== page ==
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Macchi Alleppey

Updated: Dec 3, 2020

"Here nature has spent up on the land her richest bounties. Alleppey, the Venice of the East."

Lord Curzon (Viceroy of India 1899-1905)

A Keralan fish curry with mango. Whether this dish really does come from Alleppey, as Keith Floyd claims in "Floyd's India", I couldn't confirm, but there is no doubt it comes from Kerala. A recipe for it appears in a charming book, "Flavours of the Spice Coast", I bought in a hotel in Varkala, written by an author who seems to be quite a prolific and popular food-writer in the region, a Mrs K. M. Mathew. She calls the dish "Fish with Mango", but a in a nod to the genius that is and was a Mr K. Floyd, I have chosen to use the recipe title of his choosing.

I have been making this dish for years, and I've obviously been tweaking and tinkering with the recipe over that time. I looked back in my notebooks and found two versions on almost adjacent pages and almost indistinguishable, so I'm not entirely sure what my thinking was back then.

Here I have made the dish with steaks of grey mullet, a fish that works very well in a curry. But it could equally successfully be made with fillets or steaks of gurnard, steaks of red mullet, or fillets of Dover sole, all of which are found on the market stall at this time of the year.

There are essentially two things I have altered in this recipe which I believe retain the flavour and character of the dish but make it easier to achieve. The first is that I use coconut milk in place of grated fresh coconut because, apart from being rather hard work to buy and grate a fresh coconut, we don't really have the type of wet-dry blenders that are available in India. The second is that I have separated the cooking of the garnish into two steps. The reason for this is that I have found it difficult to crispen up the shallot without burning the fenugreek seeds, or vice versa.

The green mango imparts a sour flavour to the dish, being small unripe mangoes, and they can be found in Asian and Thai grocers. In their absence, the sour element can be satisfactorily emulated with a teaspoon or so of tamarind paste which is very easy to find in supermarkets. I tend to buy several green mangoes at a time, slice them and freeze the slices for recipes such as this. Curry leaves are also found in Indian grocers (very occasionally you find them in supermarkets) but there's a link below to an online supplier. They freeze fantastically.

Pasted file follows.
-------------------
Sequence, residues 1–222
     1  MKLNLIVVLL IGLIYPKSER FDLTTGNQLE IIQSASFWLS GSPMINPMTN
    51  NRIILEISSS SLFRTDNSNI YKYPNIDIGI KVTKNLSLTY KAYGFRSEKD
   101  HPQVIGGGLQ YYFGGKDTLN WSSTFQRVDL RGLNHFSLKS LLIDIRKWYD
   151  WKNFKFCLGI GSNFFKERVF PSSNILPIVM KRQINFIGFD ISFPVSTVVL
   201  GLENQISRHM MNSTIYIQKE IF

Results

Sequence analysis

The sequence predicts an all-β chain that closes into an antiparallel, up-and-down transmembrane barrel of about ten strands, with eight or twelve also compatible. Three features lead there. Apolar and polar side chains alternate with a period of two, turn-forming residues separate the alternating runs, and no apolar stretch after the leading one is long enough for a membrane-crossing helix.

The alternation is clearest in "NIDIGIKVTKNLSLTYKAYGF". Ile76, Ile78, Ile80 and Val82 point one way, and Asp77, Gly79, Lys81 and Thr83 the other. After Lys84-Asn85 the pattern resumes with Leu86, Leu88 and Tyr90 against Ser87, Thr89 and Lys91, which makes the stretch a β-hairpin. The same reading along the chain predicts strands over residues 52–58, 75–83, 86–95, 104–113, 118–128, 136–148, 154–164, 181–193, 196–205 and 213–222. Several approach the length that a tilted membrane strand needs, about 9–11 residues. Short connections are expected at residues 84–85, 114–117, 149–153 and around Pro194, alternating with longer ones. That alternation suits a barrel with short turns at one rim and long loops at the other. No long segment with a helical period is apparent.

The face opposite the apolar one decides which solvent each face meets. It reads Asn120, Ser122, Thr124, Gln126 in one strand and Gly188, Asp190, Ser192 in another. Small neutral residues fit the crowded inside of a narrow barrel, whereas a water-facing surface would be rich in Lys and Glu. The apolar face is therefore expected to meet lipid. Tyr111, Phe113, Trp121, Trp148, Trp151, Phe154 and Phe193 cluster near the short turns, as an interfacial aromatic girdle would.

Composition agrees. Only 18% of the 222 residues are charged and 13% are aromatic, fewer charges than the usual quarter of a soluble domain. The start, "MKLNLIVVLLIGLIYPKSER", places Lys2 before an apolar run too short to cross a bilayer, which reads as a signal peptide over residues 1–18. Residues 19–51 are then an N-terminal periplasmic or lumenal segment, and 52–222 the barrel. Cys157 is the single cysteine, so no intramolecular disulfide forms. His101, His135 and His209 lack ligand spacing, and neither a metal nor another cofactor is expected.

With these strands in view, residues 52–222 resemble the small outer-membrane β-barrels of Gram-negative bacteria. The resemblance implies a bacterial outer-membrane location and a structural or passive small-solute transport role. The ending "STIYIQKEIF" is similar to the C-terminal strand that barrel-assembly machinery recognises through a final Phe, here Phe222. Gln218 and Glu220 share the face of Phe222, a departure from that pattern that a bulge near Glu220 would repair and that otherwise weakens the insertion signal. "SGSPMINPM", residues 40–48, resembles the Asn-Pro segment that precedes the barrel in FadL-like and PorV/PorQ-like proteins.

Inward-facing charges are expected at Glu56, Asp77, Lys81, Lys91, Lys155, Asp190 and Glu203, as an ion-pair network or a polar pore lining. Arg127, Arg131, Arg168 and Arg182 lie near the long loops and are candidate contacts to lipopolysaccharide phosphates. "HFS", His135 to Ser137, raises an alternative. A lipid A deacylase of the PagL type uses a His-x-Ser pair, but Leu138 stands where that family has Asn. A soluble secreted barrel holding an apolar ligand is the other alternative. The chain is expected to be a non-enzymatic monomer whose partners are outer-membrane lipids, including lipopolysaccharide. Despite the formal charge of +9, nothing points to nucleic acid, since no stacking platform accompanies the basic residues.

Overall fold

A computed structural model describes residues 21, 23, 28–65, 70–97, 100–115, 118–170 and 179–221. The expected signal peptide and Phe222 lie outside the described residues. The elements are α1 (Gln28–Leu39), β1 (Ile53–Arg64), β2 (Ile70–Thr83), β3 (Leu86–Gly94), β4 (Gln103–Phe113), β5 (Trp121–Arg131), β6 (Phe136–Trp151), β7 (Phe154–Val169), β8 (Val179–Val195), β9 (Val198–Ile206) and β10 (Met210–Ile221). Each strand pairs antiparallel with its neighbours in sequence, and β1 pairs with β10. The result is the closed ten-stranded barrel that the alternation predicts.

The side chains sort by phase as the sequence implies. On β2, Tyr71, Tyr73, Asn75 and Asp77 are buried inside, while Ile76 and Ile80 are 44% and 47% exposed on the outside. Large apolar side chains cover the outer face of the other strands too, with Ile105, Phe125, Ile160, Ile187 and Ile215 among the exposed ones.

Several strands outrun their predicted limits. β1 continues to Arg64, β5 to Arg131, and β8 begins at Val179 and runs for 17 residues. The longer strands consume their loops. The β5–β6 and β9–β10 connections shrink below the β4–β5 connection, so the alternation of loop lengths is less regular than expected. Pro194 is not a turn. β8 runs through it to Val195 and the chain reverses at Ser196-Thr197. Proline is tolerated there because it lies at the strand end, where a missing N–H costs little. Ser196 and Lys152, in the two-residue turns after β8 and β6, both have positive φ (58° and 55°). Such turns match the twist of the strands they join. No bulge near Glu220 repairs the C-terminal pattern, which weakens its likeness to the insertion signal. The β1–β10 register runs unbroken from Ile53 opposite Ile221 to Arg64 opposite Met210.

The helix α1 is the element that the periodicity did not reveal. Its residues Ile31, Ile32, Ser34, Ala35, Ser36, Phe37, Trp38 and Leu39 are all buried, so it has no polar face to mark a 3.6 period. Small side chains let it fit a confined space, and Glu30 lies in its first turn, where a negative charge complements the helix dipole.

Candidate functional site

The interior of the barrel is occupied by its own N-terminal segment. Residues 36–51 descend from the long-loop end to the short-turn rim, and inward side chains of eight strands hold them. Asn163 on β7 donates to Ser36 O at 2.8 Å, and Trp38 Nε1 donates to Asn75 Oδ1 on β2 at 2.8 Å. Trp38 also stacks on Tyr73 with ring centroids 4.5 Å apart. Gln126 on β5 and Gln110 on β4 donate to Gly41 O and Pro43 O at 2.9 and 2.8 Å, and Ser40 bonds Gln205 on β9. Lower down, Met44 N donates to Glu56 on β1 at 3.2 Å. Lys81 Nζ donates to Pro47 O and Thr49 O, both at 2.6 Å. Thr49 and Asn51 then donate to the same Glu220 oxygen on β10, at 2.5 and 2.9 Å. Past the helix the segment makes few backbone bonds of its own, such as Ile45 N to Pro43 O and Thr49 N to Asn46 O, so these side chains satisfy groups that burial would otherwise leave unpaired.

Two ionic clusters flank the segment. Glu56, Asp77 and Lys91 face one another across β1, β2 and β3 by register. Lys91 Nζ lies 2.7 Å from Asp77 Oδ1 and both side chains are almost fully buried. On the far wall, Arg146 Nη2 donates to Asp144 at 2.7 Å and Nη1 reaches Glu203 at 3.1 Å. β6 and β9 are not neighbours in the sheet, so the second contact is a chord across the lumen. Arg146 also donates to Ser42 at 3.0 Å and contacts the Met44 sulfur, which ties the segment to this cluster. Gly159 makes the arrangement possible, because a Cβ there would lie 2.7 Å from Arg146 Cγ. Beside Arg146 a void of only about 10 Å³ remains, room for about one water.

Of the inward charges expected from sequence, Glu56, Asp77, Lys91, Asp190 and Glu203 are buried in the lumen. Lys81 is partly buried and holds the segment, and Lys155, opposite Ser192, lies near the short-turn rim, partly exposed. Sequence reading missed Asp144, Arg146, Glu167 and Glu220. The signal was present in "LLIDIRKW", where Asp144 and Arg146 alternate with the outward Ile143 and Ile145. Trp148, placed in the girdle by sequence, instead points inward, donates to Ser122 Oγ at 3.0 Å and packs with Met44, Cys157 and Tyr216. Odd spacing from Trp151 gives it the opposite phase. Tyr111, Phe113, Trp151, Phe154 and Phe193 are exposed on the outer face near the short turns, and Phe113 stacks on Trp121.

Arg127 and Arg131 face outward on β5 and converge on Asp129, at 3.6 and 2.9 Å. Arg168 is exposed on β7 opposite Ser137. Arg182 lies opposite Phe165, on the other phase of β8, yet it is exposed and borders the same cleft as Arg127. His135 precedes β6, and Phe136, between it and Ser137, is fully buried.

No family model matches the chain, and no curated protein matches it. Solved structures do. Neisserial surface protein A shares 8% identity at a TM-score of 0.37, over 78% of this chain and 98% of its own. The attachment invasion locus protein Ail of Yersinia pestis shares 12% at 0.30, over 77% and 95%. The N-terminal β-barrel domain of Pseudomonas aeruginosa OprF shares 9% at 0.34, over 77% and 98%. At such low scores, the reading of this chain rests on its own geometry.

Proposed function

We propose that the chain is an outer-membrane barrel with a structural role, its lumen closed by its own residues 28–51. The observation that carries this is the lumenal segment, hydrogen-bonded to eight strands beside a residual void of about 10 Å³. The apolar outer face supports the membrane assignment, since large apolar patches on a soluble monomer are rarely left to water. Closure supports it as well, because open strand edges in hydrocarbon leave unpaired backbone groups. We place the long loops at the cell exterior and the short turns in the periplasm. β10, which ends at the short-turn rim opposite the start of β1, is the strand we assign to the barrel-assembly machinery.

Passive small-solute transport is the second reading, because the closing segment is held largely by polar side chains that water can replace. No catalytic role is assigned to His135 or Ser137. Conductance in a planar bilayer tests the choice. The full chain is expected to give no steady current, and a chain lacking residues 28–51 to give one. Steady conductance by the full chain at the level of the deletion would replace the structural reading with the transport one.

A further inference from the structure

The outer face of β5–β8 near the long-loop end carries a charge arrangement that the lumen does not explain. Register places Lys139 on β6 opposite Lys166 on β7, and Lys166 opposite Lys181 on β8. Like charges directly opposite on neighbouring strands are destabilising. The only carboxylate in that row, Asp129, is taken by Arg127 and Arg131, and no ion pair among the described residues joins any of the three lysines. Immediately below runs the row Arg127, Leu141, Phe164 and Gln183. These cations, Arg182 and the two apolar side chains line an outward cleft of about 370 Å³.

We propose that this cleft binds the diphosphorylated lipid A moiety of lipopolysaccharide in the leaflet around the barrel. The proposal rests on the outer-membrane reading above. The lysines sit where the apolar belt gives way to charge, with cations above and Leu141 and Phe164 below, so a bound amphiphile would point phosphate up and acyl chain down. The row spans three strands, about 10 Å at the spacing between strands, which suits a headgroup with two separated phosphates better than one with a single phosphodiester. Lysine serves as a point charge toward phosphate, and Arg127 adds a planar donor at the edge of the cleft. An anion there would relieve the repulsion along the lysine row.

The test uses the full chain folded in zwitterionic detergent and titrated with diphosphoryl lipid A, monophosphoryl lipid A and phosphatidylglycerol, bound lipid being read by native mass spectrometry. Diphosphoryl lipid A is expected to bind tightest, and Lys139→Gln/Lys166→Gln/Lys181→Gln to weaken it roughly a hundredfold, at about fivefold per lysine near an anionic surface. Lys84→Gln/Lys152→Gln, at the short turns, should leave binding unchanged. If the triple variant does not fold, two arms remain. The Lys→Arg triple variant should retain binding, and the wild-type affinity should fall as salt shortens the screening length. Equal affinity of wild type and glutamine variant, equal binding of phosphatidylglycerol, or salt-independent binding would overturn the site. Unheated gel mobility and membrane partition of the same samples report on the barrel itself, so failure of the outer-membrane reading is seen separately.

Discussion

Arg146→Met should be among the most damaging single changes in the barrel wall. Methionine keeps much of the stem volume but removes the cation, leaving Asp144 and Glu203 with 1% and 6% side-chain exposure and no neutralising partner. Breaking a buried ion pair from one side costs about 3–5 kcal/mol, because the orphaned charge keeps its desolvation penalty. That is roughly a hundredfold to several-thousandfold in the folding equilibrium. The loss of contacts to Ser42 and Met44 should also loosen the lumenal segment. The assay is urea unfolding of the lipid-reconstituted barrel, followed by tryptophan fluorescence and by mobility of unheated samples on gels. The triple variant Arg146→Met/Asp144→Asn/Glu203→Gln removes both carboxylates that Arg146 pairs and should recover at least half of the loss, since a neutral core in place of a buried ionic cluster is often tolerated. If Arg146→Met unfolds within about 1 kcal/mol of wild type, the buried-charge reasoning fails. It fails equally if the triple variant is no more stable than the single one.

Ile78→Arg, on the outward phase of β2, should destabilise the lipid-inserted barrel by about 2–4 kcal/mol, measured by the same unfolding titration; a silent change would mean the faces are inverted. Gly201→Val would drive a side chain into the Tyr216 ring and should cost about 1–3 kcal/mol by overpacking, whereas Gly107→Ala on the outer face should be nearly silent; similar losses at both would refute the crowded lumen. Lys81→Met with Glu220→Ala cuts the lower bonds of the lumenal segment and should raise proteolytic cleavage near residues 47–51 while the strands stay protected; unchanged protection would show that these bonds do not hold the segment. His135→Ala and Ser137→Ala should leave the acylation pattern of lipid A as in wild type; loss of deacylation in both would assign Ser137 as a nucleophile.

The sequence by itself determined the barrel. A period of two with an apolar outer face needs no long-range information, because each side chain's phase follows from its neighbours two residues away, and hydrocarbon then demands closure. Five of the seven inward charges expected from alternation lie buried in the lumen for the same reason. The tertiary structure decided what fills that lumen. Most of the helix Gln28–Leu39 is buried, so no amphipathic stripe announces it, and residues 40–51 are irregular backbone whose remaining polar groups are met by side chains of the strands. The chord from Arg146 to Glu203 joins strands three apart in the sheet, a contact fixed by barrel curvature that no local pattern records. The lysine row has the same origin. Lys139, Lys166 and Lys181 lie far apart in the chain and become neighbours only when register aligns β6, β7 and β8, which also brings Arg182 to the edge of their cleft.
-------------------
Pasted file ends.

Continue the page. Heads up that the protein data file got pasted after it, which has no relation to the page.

Apart from being a little challenging to source, the ingredient list may seem a little long. But if you think about it in terms of a marinade, a gravy (masala) and a garnish, then the list becomes shorter than it looks. All effort is rewarded, I assure you.

Macchi Alleppey

Ingredients (Serves 2)

Sunflower or vegetable oil

Fish steaks or fillets (see recipe introduction)

Green mango, a handful of fine slices

2 tbsp finely-sliced shallot

½ onion, finely sliced

1 garlic clove and ½" piece of ginger, peeled and crushed to a paste

2-4 green chillies, deseeded and coarsely chopped

200ml coconut milk

1-1½ tsp Kashmiri chilli powder, or mix of Cayenne pepper and unsmoked paprika

1 tsp turmeric, plus a little extra


Lime juice

1 tsp coriander powder

2-4 dried red chillies

¾ tsp black mustard seeds

½ tsp fenugreek seeds

10-15 curry leaves


  1. Salt the sliced shallot and fry until golden. Set aside on a piece of kitchen paper so that it crispens.

  2. Marinate the fish pieces in a sprinkling of salt, a pinch of turmeric and a squeeze of lime juice. Leave for 20 minutes or so.

  3. For the gravy, put the coconut milk, green chillies, chilli powder, coriander powder and turmeric in a blender and blitz until smooth.

  4. Heat some oil in a sauté pan and fry the onions until soft, then add the ginger and garlic paste and fry for a minute or so more. Remove from the heat and allow to cool a little.

  5. Stir in the masala in a few stages making sure it does not curdle then return to a medium-low heat and bring to a simmer. Allow to cook for a few minutes to create a creamy gravy. Add the green mango pieces and simmer for a little longer until they have softened.

  6. Add the fish pieces to the gravy and cook until the fish is ready. Put a lid on the pan if it will help cook the fish.

  7. Meanwhile, for the garnish, heat a little more oil in a small saucepan and, when hot, add the dried red chillies, black mustard seeds, fenugreek seeds, curry leaves and most of the crispy shallots. Once the seeds start crackling pour the garnish over the curry (it will sizzle), stir it in and then serve the curry with the remaining crispy shallots sprinkled on top.


  1. "Floyd's India", Keith Floyd (2001), pp. 115:

  2. "Flavours of the Spice Coast", Mrs K. M. Mathew (2002), pp. 26:


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